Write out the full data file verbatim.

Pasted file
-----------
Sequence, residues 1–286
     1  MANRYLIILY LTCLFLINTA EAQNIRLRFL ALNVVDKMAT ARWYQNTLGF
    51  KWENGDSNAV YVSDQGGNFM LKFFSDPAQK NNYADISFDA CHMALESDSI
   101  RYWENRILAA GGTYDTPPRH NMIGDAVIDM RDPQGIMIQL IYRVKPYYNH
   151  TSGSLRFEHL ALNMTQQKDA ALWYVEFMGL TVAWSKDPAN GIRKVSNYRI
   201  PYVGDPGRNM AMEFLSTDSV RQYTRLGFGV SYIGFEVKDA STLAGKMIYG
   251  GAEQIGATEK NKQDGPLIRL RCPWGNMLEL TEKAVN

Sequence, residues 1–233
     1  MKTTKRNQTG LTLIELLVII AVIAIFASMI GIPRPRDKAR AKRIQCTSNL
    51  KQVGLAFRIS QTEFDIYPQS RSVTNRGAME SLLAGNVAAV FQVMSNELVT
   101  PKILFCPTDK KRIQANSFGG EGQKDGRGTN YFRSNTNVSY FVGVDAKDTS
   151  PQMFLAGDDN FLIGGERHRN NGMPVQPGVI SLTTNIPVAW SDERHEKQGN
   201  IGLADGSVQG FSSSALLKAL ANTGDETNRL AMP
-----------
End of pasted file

Sequence, residues 1–286
     1  MANRYLIILY LTCLFLINTA EAQNIRLRFL ALNVVDKMAT ARWYQNTLGF
    51  KWENGDSNAV YVSDQGGNFM LKFFSDPAQK NNYADISFDA CHMALESDSI
   101  RYWENRILAA GGTYDTPPRH NMIGDAVIDM RDPQGIMIQL IYRVKPYYNH
   151  TSGSLRFEHL ALNMTQQKDA ALWYVEFMGL TVAWSKDPAN GIRKVSNYRI
   201  PYVGDPGRNM AMEFLSTDSV RQYTRLGFGV SYIGFEVKDA STLAGKMIYG
   251  GAEQIGATEK NKQDGPLIRL RCPWGNMLEL TEKAVN

Sequence, residues 1–233
     1  MKTTKRNQTG LTLIELLVII AVIAIFASMI GIPRPRDKAR AKRIQCTSNL
    51  KQVGLAFRIS QTEFDIYPQS RSVTNRGAME SLLAGNVAAV FQVMSNELVT
   101  PKILFCPTDK KRIQANSFGG EGQKDGRGTN YFRSNTNVSY FVGVDAKDTS
   151  PQMFLAGDDN FLIGGERHRN NGMPVQPGVI SLTTNIPVAW SDERHEKQGN
   201  IGLADGSVQG FSSSALLKAL ANTGDETNRL AMP